By a staff reporter
Tougher sentences are being urged for fake doctors in a bid to protect the public in the wake of the pandemic.
The Medical Defence Union (MDU) made the call because it is concerned by recent cases of members of the public posing as doctors and exploiting vulnerable patients with fake vaccines and other scams.
A Government review is currently looking at the way it regulates doctors, including penalties for those posing as medical professionals.
Section 49 the Medical Act makes it a criminal offence for someone not on the GMC’s medical register to falsely portray themselves as a registered member of the medical profession.
But the maximum sentence for someone found guilty is a fine, putting the offence on the same scale as a TV licence payment evasion.
The MDU wants the offence re-categorised so that it can either be tried summarily by magistrates or on indictment before judge and jury at the crown court.
Chief executive Dr Christine Tomkins said: ‘The Government is proposing that the current maximum penalty for the offence in the Medical Act should remain as a fine. We do not believe that is right.
‘A fine does not reflect the seriousness of the offence. We believe the courts should have all sentencing options open for offenders and that is what we have urged the Government to do.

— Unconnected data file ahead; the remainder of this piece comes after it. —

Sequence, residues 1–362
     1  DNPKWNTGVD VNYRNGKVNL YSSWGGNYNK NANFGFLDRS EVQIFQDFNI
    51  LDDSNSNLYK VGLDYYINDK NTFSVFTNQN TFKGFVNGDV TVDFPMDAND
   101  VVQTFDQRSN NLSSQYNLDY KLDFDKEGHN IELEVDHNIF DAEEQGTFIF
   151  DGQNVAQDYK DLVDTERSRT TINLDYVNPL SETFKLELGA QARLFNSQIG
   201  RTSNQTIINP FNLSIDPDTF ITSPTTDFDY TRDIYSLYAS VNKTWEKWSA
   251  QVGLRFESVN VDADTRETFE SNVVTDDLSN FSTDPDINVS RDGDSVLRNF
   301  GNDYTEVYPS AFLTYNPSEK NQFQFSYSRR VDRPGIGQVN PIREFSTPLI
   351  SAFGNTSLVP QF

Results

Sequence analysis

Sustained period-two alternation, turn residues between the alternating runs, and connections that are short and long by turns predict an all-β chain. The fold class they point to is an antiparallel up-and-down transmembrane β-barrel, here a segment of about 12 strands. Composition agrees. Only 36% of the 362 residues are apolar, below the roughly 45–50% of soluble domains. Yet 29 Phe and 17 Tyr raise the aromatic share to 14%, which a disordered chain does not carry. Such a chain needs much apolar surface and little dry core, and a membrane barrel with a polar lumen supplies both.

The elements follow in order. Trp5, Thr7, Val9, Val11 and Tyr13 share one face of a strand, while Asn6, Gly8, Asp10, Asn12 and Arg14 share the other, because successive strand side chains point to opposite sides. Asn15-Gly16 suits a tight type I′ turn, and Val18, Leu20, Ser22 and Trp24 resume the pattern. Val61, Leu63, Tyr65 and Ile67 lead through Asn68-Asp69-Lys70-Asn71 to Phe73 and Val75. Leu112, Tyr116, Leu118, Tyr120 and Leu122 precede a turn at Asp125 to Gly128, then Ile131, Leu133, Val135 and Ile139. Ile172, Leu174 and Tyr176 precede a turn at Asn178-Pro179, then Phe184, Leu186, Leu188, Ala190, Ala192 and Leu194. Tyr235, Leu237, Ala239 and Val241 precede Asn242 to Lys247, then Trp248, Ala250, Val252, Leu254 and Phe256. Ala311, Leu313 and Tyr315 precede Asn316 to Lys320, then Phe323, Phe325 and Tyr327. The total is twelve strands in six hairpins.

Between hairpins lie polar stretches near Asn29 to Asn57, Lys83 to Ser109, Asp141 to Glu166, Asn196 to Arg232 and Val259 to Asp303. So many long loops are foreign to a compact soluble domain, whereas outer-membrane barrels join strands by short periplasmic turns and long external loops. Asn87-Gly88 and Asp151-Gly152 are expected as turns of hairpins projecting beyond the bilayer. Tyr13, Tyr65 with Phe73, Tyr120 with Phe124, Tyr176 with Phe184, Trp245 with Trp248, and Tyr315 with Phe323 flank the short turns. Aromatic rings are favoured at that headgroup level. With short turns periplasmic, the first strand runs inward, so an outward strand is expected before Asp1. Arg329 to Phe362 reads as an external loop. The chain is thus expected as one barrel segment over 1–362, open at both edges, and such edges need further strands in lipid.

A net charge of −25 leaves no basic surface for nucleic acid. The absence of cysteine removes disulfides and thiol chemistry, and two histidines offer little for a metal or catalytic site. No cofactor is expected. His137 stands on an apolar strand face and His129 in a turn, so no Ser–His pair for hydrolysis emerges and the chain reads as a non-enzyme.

‘This would put the offence on a par with other fraud offences; ensure the offence is prosecuted and treated with all the seriousness it merits and, crucially, allow the public to see a full and accurate picture of the number of prosecutions that take place.’
Between 2006 and 2017, 12 people were charged under the Medical Act 1983 with pretending to be registered as a doctor, Crown Prosecution Service figures show.
Three years ago, the GMC carried out a review of 3,000 doctors’ qualifications after a person who had dropped out of medical school practised as a psychiatrist for 23 years.
The MDU said it was difficult to get a true picture of how commonly this type of crime occurs. With penalties for the offence so low, it was possible that offenders had been prosecuted under different legislation such as the Fraud Act 2006, where prison sentences are available to the courts for serious offences.